2010-05-07 / Columnists

Notes On Consumer Affairs

By Assemblywoman Audrey Pheffer

AUDREY PHEFFER AUDREY PHEFFER On May 22, 2009, President Barack Obama signed into law the Credit Card Accountability, Responsibility, and Disclosure Act (CARD Act). While portions of this Act became effective on August 20, 2009 the majority of its provisions went into effect on February 22, 2010. As a consumer, you should be aware of the new protections the CARD Act affords you and how you can take advantage of them.

The CARD Act requires credit card issuers to add important new features to monthly statements. Issuers must now state how long it will take cardholders to pay off their debt if they only make the minimum payment each month. They must also provide a monthly payment figure showing how much the cardholder must pay be to become debt free in three years. In addition, the statements must include a tollfree number where consumers can obtain access to information about credit counseling.

The CARD ACT also imposes new limits on fees. Cardholders must now tell their card issuer in advance if they want to allow transactions that will place them above their credit limit; if they do, issuers can only charge an over-thelimit fee once per billing cycle. Fees to make a payment online, via telephone, by mail, or by other means are not allowed unless they are for an expedited payment.

Credit card issuers are also limited as to when and how they can raise interest rates. They cannot raise rates on new accounts during the first year the account is open or on any existing balances except in certain circumstances. Such increases are allowed if the interest rate is a variable indexed rate; at the end of a promotional period that was at least six months in duration; or if the required minimum payment is not received within sixty days of the due date. If the increase is due to delinquent payments, the issuer must decrease the interest rate within six months if it receives from the cardholder the minimum payments on time during that period. At the end of the first year, card issuers can raise interests rate on future purchases and make other changes to the terms of the card agreement within forty-five days of providing written notice to the cardholder. Double cycle billing, the practice of using the balance due for a previous billing period to determine the interest charged in the current period, is largely prohibited.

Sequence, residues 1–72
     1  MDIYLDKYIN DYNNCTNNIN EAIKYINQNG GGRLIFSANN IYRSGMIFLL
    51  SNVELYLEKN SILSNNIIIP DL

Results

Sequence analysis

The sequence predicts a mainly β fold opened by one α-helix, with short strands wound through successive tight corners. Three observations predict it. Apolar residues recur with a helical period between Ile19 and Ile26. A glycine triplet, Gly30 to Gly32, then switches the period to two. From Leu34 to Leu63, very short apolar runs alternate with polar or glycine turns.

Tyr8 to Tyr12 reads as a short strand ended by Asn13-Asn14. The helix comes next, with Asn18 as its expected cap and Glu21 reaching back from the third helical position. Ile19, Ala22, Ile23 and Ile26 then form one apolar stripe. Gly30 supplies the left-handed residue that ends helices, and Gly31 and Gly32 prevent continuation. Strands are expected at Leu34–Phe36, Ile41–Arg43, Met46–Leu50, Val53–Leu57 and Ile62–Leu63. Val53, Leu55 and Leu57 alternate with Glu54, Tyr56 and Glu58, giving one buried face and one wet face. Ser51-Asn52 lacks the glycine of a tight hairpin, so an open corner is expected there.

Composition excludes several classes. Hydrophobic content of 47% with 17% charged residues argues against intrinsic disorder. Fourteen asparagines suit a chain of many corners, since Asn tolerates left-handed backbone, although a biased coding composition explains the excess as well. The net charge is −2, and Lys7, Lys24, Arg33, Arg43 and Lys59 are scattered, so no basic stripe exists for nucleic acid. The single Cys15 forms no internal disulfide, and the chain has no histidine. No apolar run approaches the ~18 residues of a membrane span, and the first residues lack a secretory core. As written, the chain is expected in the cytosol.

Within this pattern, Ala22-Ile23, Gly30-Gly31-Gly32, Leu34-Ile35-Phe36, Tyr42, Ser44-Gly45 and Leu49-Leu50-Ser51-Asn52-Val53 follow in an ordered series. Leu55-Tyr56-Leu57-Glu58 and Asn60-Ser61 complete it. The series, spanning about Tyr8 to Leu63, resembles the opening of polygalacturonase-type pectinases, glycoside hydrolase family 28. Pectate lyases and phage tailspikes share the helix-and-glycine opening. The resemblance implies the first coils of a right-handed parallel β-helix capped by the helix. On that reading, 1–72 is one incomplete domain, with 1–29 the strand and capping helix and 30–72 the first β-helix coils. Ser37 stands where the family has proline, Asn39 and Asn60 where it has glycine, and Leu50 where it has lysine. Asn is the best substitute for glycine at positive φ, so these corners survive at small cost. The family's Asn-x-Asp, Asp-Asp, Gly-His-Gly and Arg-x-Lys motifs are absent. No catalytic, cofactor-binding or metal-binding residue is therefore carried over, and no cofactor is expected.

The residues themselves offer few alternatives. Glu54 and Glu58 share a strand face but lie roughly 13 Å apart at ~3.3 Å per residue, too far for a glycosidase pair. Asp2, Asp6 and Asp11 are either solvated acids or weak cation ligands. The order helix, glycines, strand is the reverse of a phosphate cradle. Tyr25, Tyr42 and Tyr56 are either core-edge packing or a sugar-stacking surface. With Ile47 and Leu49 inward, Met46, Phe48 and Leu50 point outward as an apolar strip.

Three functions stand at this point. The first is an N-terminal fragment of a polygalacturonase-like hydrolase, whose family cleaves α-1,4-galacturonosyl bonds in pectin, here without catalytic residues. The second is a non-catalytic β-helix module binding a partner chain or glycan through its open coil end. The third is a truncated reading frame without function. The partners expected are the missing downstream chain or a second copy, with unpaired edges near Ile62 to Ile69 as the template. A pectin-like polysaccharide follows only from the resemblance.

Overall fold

Finally, card issuers must mail the monthly statement twenty-one days prior to the due date. They must also consider all payments received by 5 p.m as timely. The due date must be the same every month. If the due date falls on a day that the credit card issuer does not receive payments by mail, such as weekends and holidays, then payments received on the next business day cannot be considered late.

Even with these new protections, it is important for consumers to manage their own credit. Be sure to carefully read your monthly statements and all other mailings and disclosures you receive from your card issuer. It is also important that you check your credit report for accuracy. Under the CARD Act, card issuers cannot open a new account or increase existing credit lines without first assessing a person’s ability to pay, and to satisfy this requirement they will likely be using information contained in your credit report. Every twelve months, you can obtain a free copy of your credit report from each of the three major credit reporting bureaus by calling 1-877- 322-8228 or visiting www.annualcre ditreport.com.

For more information about the CARD Act, you may visit the New York State Consumer Protection Board website at http://www.consumer.state. ny.us.

If you believe your credit card issuer is in violation of the CARD Act, first call the issuer and explain your concerns. If you still believe they are in violation, you may contact the Office of the Comptroller of the Currency, the federal regulator of credit card issuers, at 800-613-6743 or http://www.help withmybank.gov/.

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